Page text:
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Other Criteria is pleased to participate in Art Seattle from 3-6 August 2017, Booth E19 #DamienHirst #HarlandMillerhttps://t.co/GRn2fPNGaF
4 weeks ago

Damien Hirst's ‘Kaleidoscope’ paintings reference the spiritual symbolism of the butterfly. Image: Beneficence… https://t.co/G1BSpC3jgM
4 weeks ago

Damien Hirst's Psalm: Judica, Domino was published by Other Criteria in 2015 https://t.co/xLyO5GNIKc https://t.co/zxepzgz4pR
5 weeks ago

Tom Ormond: Sunbeam, part of the series Eight Horizons, published by Other Criteria in 2014 https://t.co/EkUmPMSbgJ https://t.co/GA48QwX71H
5 weeks ago

Damien Hirst's ‘The Souls’ – published by Paul Stolper & Other Criteria, 2010 https://t.co/ONmp3eU1bu https://t.co/92e1D6ZF6e
last month

Join Other Criteria London @NPSGallery tonight from 6–8pm for the launch of our this new exhibition catalogue:… https://t.co/RULDASdYQA
last month

Last Day at Market Art + Design in the Hamptons #DamienHirst https://t.co/u4MXQ0qUqh
last month

Tracey Emin's 'My Bed' returns to Tate Britain

March 30, 2015 by Ishah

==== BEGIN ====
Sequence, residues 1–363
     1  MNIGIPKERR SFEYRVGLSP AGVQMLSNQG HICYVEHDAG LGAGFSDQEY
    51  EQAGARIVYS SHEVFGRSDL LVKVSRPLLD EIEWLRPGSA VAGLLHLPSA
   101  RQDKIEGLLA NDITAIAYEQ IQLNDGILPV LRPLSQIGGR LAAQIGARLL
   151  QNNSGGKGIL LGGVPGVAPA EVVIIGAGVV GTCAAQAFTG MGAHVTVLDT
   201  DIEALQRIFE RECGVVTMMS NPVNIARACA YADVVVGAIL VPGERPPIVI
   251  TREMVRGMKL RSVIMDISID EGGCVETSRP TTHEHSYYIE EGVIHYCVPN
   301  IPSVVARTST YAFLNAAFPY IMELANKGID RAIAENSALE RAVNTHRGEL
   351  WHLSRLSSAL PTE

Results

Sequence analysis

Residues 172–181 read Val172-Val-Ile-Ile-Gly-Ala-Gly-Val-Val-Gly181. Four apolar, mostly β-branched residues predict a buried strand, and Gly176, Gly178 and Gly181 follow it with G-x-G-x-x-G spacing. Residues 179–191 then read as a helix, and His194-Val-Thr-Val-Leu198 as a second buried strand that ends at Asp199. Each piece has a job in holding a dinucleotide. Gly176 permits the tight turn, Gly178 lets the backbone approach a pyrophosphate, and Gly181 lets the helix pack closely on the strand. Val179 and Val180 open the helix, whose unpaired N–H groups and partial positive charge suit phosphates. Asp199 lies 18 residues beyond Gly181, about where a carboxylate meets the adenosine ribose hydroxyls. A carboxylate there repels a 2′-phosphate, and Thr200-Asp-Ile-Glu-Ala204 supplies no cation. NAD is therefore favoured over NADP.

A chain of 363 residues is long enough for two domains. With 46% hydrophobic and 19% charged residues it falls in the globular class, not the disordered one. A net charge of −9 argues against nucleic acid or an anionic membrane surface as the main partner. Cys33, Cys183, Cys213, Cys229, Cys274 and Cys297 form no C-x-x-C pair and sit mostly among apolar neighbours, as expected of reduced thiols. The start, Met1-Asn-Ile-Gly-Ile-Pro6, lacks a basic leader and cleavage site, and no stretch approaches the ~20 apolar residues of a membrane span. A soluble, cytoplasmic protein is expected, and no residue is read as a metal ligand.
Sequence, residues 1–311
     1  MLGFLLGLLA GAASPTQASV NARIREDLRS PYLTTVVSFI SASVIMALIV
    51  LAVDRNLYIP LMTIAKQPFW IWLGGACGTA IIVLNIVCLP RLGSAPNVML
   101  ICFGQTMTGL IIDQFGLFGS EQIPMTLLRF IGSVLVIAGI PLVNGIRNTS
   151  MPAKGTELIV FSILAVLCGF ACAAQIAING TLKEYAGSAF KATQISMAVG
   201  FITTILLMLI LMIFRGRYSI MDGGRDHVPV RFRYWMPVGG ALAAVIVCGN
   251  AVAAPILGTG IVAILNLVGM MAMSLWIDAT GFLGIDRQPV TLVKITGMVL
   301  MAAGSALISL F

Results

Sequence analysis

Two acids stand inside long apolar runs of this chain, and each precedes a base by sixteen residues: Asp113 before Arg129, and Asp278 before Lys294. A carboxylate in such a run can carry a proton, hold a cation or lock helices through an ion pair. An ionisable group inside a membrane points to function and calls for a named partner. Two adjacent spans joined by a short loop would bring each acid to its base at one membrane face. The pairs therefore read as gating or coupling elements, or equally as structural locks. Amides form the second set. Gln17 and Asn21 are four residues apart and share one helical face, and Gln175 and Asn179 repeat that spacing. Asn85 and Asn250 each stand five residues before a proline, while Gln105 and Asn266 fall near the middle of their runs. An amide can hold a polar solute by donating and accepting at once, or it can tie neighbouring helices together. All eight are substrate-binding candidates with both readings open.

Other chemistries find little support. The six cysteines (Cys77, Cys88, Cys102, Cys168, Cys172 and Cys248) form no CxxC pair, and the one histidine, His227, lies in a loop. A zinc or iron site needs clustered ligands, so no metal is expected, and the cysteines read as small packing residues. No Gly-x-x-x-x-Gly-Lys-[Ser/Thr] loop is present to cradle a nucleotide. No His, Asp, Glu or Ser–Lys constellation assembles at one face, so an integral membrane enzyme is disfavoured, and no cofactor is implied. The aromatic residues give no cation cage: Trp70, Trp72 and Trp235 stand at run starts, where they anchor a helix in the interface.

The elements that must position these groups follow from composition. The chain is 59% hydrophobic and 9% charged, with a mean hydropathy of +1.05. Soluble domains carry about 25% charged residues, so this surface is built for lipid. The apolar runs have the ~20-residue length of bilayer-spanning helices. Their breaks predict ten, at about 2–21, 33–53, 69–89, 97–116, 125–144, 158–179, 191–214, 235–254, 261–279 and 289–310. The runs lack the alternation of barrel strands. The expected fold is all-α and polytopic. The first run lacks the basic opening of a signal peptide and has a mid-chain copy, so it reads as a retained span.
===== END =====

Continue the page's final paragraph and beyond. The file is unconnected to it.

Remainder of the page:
Tracey Emin's iconic installation work, 'My Bed' (1998) will be returning to Tate Britain, after the current owner, Count Duerckheim confirmed the work will return to the UK on a ten year loan. 'My Bed' was first show in 1999 at the Tate Britain, in the Turner Prize Exhibition where Emin was shortlisted. Returning after fifteen years, the piece will be open to the public on 31 March 2015. 

    Emin's 'My Bed' was conceived during a traumatic relationship breakdown in her council flat near Waterloo station in 1998. The work gives us a snapshot of this distressing period but also acts as an unconventional self-portrait through the use of honest objects. The installation features the artist’s own stained sheets, condoms, blood-stained underwear and empty bottles of alcohol. The installation will be shown alongside a refresh of Tate Britain's galleries featuring major works by Gilbert & George, Anish Kapoor, Nicholas Pope and John Gerrard. Emin has also selected two works by Francis Bacon, 'Study of a Dog' (1952) and 'Reclining Woman' (1961). The juxtaposition is intended to create a dialogue, with works by both artists dealing in different ways with turmoil and intense emotion.

    Tracey Emin’s art is one of disclosure, using her life events as inspiration for works ranging from painting, drawing, video and installation, to photography, needlework and sculpture. Emin reveals her hopes, humiliations, failures and successes in candid and, at times, excoriating work that is frequently both tragic and humorous.